Stories to Tell: Owning a Piece of the Past

Stories to Tell: Owning a Piece of the Past

A veteran and military history buff reconnects with his Civil War ancestors.

Seward Osborne has spent 50 years researching his family tree and the wars in which his ancestors served. A veteran himself, Osborne has visited nearly every major eastern US battlefield and authored six books about the Civil War. And recently, he discovered an artifact that revealed his own family’s history. This anecdote from our Stories to Tell collection discusses how.

The Lexington Artillery Roll Book, 1852 is a small book, but it has big meaning for Osborne. “The whole thing is less than a quarter-inch thick, but it’s loaded with handwritten facts. It’s an absolute treasure,” he says. “Very few people have ever heard of this outfit. But I grew up only 10 miles from where this regiment was in Lexington, New York.”

In the May/June issue's Stories to Tell column, Seward Osborne shares how he discovered his ancestor in a published history of the Civil War.

The names in the book are like old friends to Osborne. He’s researched a local Civil War unit that included many of them. What he didn’t know was that his own great-great-grandfather (William Schermerhorn) and great-great-grand-uncle (Porter J. Schermerhorn) served with the Lexington Artillery, too.

This excerpt from Seward's newly found Civil War book includes information about his ancestor.

Osborne joined Just A Joy, which connects original documents and artifacts with potential descendants of the people mentioned. Osborne included the Schermerhorn surname in his member profile, and he received a notification when the artillery roll book (with the Schermerhorn surname tagged) appeared on the site.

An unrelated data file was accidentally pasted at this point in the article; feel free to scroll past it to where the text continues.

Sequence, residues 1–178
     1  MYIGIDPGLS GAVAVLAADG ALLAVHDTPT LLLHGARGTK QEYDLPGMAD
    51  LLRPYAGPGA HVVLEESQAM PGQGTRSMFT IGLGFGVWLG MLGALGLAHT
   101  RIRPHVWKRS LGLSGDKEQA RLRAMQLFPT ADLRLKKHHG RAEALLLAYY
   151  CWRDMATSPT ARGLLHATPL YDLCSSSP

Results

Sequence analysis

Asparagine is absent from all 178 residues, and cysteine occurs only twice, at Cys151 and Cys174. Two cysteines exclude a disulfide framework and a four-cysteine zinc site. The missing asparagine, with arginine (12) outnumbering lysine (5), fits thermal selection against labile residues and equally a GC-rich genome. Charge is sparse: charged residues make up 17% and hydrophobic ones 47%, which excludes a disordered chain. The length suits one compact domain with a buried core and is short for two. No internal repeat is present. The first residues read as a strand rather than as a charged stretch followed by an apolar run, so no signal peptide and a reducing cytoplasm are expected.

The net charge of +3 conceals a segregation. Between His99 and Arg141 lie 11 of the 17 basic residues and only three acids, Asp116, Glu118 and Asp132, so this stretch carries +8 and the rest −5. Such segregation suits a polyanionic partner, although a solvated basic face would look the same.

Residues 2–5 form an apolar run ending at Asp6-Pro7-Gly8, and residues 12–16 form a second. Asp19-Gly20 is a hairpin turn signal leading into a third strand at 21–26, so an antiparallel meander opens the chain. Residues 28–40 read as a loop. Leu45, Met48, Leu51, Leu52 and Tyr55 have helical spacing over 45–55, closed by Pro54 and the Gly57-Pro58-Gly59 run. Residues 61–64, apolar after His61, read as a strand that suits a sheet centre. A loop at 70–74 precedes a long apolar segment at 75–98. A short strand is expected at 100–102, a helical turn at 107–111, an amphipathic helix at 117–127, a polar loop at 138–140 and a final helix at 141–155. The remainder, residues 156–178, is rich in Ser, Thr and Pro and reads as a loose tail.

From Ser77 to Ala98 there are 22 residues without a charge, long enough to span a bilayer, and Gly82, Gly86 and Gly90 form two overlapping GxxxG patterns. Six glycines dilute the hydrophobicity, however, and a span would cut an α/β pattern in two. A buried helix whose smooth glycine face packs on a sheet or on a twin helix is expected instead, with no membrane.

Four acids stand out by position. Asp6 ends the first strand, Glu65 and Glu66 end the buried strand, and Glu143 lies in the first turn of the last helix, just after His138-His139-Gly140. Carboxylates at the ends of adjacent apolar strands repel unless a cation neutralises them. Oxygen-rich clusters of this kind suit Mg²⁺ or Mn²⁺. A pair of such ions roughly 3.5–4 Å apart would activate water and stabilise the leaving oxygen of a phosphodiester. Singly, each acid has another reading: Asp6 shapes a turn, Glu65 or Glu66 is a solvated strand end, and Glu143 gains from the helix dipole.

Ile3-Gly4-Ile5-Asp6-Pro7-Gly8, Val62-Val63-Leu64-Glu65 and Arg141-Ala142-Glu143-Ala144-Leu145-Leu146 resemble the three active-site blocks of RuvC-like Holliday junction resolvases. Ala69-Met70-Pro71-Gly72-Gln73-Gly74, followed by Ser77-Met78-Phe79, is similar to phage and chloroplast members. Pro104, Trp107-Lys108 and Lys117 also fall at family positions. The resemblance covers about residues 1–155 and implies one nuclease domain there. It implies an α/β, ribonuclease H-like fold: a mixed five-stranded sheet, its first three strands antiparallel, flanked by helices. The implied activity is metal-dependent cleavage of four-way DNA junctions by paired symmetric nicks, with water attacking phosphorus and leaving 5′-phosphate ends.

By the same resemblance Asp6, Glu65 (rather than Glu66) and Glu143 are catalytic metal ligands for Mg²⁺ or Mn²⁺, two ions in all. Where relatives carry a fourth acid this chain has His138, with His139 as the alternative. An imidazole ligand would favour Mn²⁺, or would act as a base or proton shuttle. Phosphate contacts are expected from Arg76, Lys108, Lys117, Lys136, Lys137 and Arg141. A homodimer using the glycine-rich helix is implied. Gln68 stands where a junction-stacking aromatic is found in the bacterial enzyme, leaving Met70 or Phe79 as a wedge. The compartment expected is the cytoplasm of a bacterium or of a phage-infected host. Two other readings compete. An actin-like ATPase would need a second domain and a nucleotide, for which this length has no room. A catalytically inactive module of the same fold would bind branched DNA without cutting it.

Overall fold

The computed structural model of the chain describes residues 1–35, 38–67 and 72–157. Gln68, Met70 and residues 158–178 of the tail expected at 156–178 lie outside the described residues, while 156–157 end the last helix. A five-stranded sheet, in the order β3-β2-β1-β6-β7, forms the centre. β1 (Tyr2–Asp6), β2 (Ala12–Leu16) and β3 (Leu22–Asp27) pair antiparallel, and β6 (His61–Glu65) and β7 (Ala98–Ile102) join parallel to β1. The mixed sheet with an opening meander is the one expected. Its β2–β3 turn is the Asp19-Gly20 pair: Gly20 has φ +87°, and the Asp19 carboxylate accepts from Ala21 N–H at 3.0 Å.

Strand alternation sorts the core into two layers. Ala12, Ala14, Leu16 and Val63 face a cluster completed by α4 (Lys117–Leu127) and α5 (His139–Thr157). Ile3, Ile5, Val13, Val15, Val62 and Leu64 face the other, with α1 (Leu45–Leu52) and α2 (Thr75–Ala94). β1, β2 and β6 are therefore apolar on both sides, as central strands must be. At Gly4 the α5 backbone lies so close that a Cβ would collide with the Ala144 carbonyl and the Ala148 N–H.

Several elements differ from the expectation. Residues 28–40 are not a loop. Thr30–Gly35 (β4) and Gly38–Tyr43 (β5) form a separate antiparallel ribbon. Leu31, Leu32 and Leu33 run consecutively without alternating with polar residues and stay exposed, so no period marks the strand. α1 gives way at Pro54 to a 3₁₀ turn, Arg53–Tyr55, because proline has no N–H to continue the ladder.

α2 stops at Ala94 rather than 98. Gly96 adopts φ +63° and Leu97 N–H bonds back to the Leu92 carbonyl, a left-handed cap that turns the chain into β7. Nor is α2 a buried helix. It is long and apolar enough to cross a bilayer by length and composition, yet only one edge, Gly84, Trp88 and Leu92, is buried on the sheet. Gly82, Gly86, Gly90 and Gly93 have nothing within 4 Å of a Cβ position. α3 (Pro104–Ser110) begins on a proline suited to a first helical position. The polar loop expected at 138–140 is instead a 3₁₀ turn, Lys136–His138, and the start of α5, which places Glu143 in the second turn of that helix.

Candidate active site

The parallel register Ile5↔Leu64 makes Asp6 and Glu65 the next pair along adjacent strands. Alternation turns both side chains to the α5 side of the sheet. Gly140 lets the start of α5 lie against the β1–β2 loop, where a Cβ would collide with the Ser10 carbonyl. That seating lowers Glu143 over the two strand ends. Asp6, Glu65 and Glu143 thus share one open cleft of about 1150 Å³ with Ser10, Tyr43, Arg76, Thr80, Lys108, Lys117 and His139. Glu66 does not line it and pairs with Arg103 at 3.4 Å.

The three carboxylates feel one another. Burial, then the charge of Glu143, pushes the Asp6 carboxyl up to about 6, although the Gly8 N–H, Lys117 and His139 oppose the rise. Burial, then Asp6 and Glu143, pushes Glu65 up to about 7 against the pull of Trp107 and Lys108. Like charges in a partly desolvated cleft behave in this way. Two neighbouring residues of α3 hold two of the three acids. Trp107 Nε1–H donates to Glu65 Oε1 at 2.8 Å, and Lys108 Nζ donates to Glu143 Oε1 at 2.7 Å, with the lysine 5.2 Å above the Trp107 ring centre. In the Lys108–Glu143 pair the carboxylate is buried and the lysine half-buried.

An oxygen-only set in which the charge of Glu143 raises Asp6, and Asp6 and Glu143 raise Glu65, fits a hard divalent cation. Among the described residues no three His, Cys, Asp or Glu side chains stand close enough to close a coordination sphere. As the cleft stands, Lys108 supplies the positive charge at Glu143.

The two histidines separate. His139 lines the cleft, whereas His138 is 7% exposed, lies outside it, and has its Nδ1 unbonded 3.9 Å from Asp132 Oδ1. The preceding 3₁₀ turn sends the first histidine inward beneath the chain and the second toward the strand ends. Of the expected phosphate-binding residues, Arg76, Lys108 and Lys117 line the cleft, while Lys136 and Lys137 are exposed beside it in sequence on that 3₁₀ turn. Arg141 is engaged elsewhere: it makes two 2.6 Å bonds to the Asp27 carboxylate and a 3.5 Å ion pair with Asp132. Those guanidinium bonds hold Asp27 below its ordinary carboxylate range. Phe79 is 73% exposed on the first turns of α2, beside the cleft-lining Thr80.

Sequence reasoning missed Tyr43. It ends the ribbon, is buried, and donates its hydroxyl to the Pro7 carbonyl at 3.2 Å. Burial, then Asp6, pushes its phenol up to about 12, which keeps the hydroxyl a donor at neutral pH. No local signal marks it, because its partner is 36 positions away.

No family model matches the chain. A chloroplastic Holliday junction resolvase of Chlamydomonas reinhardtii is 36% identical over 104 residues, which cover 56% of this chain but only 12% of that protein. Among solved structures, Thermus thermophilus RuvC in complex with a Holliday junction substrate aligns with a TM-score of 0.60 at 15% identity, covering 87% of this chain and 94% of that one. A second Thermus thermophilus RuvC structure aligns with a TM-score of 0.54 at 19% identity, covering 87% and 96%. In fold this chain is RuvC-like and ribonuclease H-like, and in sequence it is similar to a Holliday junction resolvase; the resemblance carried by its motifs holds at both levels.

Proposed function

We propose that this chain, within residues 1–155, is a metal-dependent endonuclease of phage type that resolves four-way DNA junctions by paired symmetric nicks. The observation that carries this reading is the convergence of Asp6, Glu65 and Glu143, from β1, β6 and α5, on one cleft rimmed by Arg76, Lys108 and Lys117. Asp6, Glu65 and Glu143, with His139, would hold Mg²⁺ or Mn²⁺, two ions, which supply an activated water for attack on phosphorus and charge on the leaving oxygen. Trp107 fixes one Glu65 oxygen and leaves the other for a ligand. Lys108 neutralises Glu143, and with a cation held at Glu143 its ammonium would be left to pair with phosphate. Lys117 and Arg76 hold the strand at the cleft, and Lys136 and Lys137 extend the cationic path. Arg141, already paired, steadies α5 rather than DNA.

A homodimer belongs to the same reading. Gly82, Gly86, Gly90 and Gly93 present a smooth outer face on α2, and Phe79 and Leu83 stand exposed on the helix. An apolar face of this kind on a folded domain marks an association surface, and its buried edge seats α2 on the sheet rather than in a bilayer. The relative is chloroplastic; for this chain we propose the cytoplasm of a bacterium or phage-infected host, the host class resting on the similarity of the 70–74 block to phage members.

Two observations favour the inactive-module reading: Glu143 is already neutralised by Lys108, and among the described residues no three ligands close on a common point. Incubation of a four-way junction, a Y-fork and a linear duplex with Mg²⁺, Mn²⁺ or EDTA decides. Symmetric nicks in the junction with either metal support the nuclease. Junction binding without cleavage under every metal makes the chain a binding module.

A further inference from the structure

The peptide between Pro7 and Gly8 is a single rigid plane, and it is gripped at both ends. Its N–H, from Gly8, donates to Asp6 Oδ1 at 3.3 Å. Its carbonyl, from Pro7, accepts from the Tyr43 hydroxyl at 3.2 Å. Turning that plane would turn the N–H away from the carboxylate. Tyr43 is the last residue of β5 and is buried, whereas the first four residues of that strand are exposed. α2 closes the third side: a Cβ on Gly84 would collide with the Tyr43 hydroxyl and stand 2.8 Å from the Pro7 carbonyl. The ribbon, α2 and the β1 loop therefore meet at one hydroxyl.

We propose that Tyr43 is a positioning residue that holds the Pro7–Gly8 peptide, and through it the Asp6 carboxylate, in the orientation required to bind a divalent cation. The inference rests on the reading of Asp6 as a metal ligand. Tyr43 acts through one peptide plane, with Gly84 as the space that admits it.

“I couldn’t believe what I was seeing!” he says. “I called [site owner Joy Shivar] immediately. We negotiated and struck a deal. Now I have it, and it’s one of the most precious artifacts I own.” Osborne loves that it reveals details about the servicemen’s uniforms, such as the cost of their coats and their hat sizes.

Osborne says he hopes to find photos that William Schermerhorn may have taken of the unit. But for now he’s happy with just the little book. “For that book to have survived that long—and to find me—is just amazing.”

 

If you’d like more interesting genealogy success stories, check out the Stories to Tell column in each issue of Family Tree Magazine. In it, Contributing Editor Sunny Jane Morton shares researchers’ greatest finds, plus how their research has impacted them. For instance, she discusses how one woman keeps finding her ancestor in unexpected places.

The May/June 2019 issue of Family Tree Magazine features underused genealogy websites, tips for making research logs, a Jewish genealogy guide and more.

A version of this article appeared in the May/June 2019 issue of Family Tree Magazine. In this issue, you’ll also find tips for using the best underused genealogy websites, plus a guide for creating a family health history.